The device also measures pulsation and motion of the body through pressure readings, which allow for specific movements to be quantified, like range of motion for a joint. Cheng said that the data also could track healthy movement, like hand gestures during speech, to inform robotic prosthetics that incorporate artificial intelligence.

“The pressure-based manufacturing method is easy and low-cost,” Cheng said. “All the materials, like the silver in the sensors, can be recycled after the device is discarded, and they are readily available.”

The sensor is light enough to be comfortable, but durable enough to hold up when a user is jogging or sweating. The researchers also incorporated the sensor into a face mask to remotely monitor respiratory conditions, including potential abnormalities for early detection of emergencies like opioid overdose.

In future research, Cheng said he will investigate incorporating drug delivery through the device when it detects specific symptoms.

“A future iteration of the device could detect a drug overdose in real time, and administer naloxone, saving a user’s life,” Cheng said.

A sensor for humid environments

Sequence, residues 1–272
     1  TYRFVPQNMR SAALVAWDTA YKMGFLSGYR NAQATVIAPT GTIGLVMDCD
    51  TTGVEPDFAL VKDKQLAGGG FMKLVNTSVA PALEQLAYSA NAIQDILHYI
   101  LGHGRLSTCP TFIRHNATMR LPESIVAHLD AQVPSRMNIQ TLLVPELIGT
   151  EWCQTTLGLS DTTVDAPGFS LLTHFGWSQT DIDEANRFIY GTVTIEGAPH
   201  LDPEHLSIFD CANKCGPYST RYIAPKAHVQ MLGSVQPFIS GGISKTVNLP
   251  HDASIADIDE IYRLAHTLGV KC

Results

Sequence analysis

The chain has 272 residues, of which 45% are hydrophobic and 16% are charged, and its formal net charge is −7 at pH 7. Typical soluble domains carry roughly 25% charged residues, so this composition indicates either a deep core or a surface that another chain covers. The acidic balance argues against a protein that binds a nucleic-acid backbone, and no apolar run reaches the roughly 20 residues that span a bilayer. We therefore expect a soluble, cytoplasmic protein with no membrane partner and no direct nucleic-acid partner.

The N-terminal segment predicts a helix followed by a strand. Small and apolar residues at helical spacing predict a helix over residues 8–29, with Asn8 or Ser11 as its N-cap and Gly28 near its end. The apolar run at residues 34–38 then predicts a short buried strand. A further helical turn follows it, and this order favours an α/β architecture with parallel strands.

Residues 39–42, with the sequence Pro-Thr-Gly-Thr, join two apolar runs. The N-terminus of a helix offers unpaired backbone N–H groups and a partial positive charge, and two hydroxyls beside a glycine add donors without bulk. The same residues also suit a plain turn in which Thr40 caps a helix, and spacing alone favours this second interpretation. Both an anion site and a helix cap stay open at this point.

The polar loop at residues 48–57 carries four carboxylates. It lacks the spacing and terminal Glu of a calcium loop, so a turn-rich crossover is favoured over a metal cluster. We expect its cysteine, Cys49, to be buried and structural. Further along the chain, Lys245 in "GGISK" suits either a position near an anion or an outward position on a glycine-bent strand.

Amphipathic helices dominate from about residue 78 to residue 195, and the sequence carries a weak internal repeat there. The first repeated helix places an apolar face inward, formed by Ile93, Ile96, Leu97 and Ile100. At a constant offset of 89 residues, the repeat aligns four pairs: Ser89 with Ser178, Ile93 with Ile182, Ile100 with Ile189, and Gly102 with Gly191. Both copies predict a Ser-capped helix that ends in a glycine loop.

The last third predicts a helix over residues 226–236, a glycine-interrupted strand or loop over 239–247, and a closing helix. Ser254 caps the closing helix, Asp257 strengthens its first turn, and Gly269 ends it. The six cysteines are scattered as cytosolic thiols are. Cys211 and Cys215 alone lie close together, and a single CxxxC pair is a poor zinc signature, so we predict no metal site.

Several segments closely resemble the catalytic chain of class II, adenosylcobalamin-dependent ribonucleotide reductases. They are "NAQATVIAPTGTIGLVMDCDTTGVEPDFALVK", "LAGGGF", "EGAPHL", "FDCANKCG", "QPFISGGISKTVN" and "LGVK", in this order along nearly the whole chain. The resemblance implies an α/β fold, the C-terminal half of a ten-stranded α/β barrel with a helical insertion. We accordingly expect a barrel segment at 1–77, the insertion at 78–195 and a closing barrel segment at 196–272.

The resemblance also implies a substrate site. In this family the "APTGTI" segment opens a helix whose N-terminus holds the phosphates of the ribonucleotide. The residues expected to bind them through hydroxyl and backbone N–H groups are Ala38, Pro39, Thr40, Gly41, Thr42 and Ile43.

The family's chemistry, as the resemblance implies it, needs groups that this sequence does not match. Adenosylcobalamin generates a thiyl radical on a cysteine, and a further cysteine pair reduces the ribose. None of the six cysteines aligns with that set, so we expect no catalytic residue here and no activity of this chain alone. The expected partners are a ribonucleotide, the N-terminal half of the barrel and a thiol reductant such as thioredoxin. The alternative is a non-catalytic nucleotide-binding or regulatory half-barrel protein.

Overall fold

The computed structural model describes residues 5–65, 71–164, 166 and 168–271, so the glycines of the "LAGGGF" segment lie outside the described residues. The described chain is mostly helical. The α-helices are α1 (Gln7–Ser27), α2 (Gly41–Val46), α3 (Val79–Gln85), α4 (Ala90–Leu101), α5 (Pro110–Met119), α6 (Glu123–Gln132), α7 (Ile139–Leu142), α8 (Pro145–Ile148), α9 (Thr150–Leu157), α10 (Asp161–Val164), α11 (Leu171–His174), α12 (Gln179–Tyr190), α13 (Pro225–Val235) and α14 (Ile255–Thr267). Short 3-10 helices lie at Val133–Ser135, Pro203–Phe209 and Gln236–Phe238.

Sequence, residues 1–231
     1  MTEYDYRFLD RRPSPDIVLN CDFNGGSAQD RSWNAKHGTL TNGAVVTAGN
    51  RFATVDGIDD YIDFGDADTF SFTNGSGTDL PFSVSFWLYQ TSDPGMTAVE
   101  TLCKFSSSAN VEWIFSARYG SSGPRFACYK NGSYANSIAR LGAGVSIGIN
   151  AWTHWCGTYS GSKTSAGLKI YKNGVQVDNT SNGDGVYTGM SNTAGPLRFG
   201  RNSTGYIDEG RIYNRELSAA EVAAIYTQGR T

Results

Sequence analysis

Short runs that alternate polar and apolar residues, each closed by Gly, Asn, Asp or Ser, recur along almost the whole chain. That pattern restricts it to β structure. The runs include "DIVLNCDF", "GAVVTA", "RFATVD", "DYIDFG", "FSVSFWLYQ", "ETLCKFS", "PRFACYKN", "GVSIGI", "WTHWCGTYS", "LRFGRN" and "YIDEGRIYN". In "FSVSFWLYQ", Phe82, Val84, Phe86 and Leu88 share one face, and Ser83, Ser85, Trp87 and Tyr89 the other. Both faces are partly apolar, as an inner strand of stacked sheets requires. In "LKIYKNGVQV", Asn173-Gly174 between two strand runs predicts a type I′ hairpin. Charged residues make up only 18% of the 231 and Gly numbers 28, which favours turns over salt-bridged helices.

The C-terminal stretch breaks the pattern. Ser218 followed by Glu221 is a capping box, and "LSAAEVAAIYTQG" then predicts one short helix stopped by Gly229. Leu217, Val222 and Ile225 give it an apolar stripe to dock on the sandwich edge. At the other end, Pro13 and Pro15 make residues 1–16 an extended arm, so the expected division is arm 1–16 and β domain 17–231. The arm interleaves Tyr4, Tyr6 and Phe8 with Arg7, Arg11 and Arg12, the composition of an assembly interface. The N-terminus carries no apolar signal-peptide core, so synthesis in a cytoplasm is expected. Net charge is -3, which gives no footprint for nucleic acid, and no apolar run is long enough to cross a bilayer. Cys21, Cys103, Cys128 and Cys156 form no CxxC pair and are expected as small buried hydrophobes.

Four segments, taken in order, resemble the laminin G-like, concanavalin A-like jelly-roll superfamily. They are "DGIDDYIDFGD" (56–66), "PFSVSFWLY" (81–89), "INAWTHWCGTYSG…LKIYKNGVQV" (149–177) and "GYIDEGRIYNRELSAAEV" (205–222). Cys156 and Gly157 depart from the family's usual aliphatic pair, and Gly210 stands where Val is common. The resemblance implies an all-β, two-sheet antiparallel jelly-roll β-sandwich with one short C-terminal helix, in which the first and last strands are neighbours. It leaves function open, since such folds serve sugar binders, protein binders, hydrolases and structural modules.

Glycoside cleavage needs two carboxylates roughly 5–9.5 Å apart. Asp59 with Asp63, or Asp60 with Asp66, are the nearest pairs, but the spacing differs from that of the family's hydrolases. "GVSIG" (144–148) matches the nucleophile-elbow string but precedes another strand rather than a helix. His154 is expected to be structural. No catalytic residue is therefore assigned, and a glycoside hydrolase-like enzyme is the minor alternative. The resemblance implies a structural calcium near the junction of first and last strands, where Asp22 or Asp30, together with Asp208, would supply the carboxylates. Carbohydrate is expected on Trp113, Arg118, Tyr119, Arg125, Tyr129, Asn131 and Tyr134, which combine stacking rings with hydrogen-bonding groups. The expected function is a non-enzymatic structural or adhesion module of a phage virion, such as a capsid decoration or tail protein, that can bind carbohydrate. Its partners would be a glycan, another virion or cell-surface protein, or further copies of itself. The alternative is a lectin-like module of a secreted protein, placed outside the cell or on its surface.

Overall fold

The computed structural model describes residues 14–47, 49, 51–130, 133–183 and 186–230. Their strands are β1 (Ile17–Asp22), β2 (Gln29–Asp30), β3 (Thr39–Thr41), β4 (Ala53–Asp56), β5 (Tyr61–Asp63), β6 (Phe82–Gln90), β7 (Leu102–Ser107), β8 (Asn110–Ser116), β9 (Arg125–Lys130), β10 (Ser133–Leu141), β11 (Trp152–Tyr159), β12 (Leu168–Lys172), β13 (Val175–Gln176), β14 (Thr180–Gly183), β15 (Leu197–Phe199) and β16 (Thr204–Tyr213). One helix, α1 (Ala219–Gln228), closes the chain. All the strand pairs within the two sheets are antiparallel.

Most wearable sensors use superhydrophobic materials to repel water, but they have limited flexibility and often degrade quickly in humid environments — a major issue in field hospitals or other medical facilities without climate control, Cheng said.

To solve that problem, Cheng’s lab combined superhydrophobic materials with Joule heating, where electric current passes through a conductor to produce heat. The heat provides continuous moisture resistance, even when the sensor is in an environment with 99% humidity.

The result is a new flexible pressure sensor that is able to withstand high degrees of humidity. The details were made available online ahead of the March issue of Chemical Engineering Journal.

Cheng’s sensor is made of a transitional metal and sodium alginate, a food-grade material extracted from algae, which allow the device to repel large water droplets, like a lotus plant does in nature.

“Water droplets on lotus leaves roll off quite easily, ensuring the water cannot accumulate,” Cheng said.

With durable materials and constant heat, the sensor can monitor a user’s vital signs even in “extreme use scenarios,” according to Cheng, such as when users are sweating while running, biking or sunbathing.

Despite all his manifold discoveries and advancements, Cheng is not finished; his research team will continue to transform the wearable medical devices sphere.

“We don’t know where inspiration will strike — tissue paper, lotus plants, motion power and more have all proved fruitful sources,” Cheng said. “From discovery to research to application, our team is enjoying the challenge of creating the next generation of medical devices.”